22:02 GMT01 December 2020
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    A year after a chemical spill left 300,000 West Virginia residents with toxic drinking water, three coal industry executives have pleaded not guilty for their involvement in the environmental disaster.

    Former Freedom Industries President Gary Southern and former company officers Dennis Farrell and William Tis pleaded not guilty after prosecutors accused them of negligence and fraud in the spill of the hazardous pollutant methylcyclohexanemethanol, or MCHM, which reached the public’s drinking supply. The trial is set to begin in March.

    One mile upstream of a water treatment and distribution plant near Charleston, the chemical foam used to purify coal seeped from storage tanks at the Freedom Industries facility into the Elk River.  An estimated 10,000 gallons of MCHM leaked into the waterway on January 9. 

    For up to 10 days, around 300,000 residents in nine counties were warned not to drink, use or bathe in the water, even if they boiled it. A series of complaints to state authorities ensued with reported medical issues including stomach pains, headache, vomiting, rashes.  Local emergency rooms were overwhelmed with patients, and schools and businesses were closed for days.  As much as a sixth of the state’s population was left without potable water, according to the Atlantic.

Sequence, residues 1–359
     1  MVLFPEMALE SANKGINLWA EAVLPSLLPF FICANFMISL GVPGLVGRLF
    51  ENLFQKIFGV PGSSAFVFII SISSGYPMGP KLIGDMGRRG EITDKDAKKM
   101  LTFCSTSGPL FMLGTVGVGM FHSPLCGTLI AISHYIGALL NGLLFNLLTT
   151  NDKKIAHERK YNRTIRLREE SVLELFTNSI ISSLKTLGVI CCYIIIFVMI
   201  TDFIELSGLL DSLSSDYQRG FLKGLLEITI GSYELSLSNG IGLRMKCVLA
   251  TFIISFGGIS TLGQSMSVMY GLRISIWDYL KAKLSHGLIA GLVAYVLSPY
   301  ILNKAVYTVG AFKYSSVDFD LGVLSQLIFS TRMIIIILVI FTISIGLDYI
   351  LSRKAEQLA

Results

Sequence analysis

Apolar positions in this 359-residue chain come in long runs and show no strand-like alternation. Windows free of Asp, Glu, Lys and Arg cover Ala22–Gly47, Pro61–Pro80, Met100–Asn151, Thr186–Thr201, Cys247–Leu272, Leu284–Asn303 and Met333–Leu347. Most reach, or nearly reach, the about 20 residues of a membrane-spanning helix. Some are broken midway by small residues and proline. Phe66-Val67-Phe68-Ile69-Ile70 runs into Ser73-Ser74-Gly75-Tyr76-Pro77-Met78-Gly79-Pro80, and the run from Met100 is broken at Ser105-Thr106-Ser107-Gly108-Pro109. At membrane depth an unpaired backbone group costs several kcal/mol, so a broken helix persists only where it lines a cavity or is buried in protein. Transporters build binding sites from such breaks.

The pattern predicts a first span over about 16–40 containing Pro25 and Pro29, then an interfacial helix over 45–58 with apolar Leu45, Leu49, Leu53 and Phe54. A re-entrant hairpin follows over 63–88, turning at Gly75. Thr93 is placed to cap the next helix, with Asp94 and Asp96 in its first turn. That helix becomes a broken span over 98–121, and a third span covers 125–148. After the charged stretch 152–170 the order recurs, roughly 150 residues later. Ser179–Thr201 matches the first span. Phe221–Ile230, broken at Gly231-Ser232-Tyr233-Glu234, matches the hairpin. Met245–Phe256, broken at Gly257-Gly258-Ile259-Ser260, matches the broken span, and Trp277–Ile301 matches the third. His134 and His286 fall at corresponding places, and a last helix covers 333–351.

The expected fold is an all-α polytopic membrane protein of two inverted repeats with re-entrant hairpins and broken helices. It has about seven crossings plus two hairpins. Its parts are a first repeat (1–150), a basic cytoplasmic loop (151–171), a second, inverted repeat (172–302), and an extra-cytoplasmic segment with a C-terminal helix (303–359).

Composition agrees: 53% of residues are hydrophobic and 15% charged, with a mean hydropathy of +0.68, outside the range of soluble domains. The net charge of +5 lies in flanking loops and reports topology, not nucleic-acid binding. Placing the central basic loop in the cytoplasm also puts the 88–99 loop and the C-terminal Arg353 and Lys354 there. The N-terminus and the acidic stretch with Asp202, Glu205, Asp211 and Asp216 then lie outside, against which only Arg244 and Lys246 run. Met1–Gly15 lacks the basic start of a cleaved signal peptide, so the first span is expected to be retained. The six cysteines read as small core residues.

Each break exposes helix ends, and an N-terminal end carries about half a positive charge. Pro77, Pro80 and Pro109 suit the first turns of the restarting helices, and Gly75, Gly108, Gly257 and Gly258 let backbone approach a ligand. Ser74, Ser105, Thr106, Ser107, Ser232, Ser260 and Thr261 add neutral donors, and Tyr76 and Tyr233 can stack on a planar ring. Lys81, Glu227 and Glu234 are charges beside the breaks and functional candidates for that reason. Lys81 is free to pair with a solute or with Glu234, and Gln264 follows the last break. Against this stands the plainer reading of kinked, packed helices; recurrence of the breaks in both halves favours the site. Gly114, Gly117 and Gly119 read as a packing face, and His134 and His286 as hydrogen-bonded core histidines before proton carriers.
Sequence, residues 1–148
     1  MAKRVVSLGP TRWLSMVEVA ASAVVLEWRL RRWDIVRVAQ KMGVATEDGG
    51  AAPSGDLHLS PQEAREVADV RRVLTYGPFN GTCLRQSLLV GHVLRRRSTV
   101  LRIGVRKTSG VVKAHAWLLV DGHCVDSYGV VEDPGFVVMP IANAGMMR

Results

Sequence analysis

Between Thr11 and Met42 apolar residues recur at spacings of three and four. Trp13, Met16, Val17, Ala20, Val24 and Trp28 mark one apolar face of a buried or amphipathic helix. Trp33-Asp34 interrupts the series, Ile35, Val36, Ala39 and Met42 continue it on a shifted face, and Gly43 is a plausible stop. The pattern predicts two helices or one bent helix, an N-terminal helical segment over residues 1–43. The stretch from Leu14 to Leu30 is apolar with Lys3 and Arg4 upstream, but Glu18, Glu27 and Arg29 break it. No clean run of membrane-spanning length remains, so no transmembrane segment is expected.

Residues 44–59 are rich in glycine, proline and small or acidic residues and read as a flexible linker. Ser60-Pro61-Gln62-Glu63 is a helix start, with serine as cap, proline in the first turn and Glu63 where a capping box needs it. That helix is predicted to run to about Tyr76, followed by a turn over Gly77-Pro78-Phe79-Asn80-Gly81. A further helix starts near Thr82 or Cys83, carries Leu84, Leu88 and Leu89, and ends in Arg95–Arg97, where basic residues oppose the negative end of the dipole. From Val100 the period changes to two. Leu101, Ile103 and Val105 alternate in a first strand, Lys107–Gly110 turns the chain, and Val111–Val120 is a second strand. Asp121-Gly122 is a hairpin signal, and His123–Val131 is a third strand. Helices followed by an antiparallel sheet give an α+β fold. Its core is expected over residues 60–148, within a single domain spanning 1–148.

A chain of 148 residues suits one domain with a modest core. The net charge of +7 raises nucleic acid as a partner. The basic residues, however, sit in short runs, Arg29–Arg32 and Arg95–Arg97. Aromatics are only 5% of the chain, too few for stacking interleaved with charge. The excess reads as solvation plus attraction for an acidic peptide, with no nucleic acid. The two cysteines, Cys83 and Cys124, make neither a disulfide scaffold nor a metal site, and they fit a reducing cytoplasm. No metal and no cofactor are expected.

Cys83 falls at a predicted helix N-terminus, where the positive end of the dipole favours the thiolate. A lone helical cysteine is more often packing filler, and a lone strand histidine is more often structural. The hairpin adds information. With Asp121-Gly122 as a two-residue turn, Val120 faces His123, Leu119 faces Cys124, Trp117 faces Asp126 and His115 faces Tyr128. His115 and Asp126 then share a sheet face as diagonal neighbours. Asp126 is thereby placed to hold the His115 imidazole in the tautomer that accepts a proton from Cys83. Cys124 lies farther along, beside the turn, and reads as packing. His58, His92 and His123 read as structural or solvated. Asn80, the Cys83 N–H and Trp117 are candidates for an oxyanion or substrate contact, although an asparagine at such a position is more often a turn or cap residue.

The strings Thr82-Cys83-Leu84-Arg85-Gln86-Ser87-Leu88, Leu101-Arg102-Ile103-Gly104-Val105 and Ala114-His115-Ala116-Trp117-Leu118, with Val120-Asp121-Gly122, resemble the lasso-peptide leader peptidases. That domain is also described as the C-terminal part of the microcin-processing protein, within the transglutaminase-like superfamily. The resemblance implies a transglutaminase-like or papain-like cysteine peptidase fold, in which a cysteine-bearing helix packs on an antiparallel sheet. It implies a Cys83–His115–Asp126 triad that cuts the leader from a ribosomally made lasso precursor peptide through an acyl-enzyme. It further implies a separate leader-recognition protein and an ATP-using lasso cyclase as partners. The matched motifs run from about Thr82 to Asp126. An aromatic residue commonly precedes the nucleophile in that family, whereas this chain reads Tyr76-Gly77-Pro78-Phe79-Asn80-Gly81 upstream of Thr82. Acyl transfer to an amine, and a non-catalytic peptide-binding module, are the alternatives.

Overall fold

Freedom Industries was fined $11,000 in July.  

    While charges were brought against the company, the chemical spill was linked to the state’s inability to exercise proper regulation.  One year after the accident, state officials concede that West Virginia had inadequate environmental regulations to prevent the incident.

    “The Freedom Industries chemical leak incident…was unique and unprecedented,” state officials told the Charleston Gazette. “There was no roadmap for handling the intricacies of this particular crisis.”

    The chemical spill has set a precedent for other states to set better inspection legislation. Last April, West Virginia’s Governor Ray Tomblin signed a law to strengthen standards for aboveground storage tanks. When the state completed inspections on January 1, officials found 1,100 tanks did not meet the new requirements that were set.

    "That shows there are still tanks out there that may be leaking today," Angie Rosser, executive director of the advocacy group West Virginia Rivers Coalition told National Geographic.

    Freedom Industries went bankrupt shortly after the spill, and the tanks were disassembled. The company’s founder Southern faces federal charges of fraud and lying under oath.

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